Extra! Extra! Women are fans of social networking: ComScore

A new global study reveals how women like to spend their time online; unsurprisingly, social networking ranks high.

Hey advertisers: women are about more than just baby sites, Bejeweled and fashion blogs when it comes to their online browsing habits.

That’s the overarching message from ‘Women on the Web: How Women are Shaping the Internet,’ a new global study about women’s internet usage by ComScore.

Although women are still slightly below men in terms of global internet use at 46%, they are more engaged during their time online than men tend to be, the researchers found. Social networking has become central to women’s experience online globally, a trend that has been particularly embraced by older women and is extending now into the mobile sphere as well. Canada is one of four countries with the highest percentage (50% or more) of adult female web users.

Women over the age of 15 spent eight per cent more time online than males in the same age group, for a global average of 24.8 hours per month for women and 22.9 hours for men.

What do they like to do when they get there? Social networking ranked highest with 16.3% of women saying they like to participate in social networking when online, compared to 11.7% of men. Instant messaging came in second, with 11.3% of women spending time on it compared to 10.4% of men, and email was in third, with 7.7% of women spending a ‘fair share’ of time doing it compared to 6.8% of men. In all regions surveyed globally, women consistently ranked higher than men in time spent social networking (including web, email, IM) online.

Older women, the study noted, are driving growth in social networking usage globally. While reach and usage for 15- to 24-year-olds was similar for males and females in this category, the ratio diverged by 10 percentage points when measuring adults over 55 years old. ‘For older women, social networking is a new frontier they are embracing; men are doing so to a much lesser degree,’ it noted.

And although the study consistently notes that men tend to be ‘early adopters’ of technology much moreso than women, photo-sharing sites proved to be an exception to the trend. Women flocked to photo sites much faster than men when they first became available, the report noted, and now women exceed men in photo site reach and usage in every age group.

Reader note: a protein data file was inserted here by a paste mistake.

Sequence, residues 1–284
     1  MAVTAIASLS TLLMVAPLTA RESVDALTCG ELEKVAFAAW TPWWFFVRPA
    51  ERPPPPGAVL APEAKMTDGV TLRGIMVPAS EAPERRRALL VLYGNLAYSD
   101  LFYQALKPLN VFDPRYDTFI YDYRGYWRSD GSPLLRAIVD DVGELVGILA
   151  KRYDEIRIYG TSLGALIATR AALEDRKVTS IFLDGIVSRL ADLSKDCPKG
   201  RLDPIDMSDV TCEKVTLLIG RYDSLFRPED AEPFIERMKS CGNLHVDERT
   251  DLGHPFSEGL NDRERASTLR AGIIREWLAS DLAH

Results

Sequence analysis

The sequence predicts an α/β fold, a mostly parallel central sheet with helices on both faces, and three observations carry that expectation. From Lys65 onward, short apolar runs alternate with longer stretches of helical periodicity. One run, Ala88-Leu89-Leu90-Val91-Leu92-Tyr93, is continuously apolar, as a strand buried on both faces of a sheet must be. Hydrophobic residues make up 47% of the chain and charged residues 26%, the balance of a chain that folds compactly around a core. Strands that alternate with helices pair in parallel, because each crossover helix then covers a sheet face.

Online retail trends measured in the report were fairly predictable in terms of categories preferred by women (apparel, beauty, home) and time spent (20% more than men) but it also noted that women tend to close the deal online more than men do (12.5% of American women closed purchases online in Feb. 2010 vs. 9.3% of men.) The interesting aspect of the online retail research was the convergence of women’s social networking and retail preferences, in a trend it called ‘social retail.’

Women are not only far more likely to use ‘share’ functionality on websites to engage with friends on potential purchases, they are also more likely to use group-buying (e.g. Groupon.com) and ‘flash sale’ sites, such as Montreal-based Beyond the Rack. In both group-buying and flash-sale sites, more than two-thirds of visitors are women, according to recent Comscore US research. Women outrank men in every age category when it comes to coupon site visits as well.

Video reach was an area where women and men’s reach and usage diverged quite sharply, especially in Canada, where video usage is among the heaviest globally, the report noted, with men spending an average of 17 hours per month watching video, compared to only nine hours per month for women (ComScore Video Metrix, March 2010). Interestingly, though, the report noted that women were more likely to watch YouTube for online video than any other site. (In Canada, YouTube claimed 40% of women’s video minutes, compared to 30% of men.)

The report also included information on women’s mobile usage, which is reportedly much higher among men than women in the US (60/40 men to women) and Europe (63/37 men to women). The difference, the report said, can possibly be attributed to earning power: not only do men more commonly tend to be early adopters of new technology, it costs more money to have a data plan for a smartphone, and women tend to earn less than men. However, it noted, ‘women’s adoption of mobile social networking, however, is a clear indicator that mobile internet services are moving out of early adopter mode and into the mainstream.’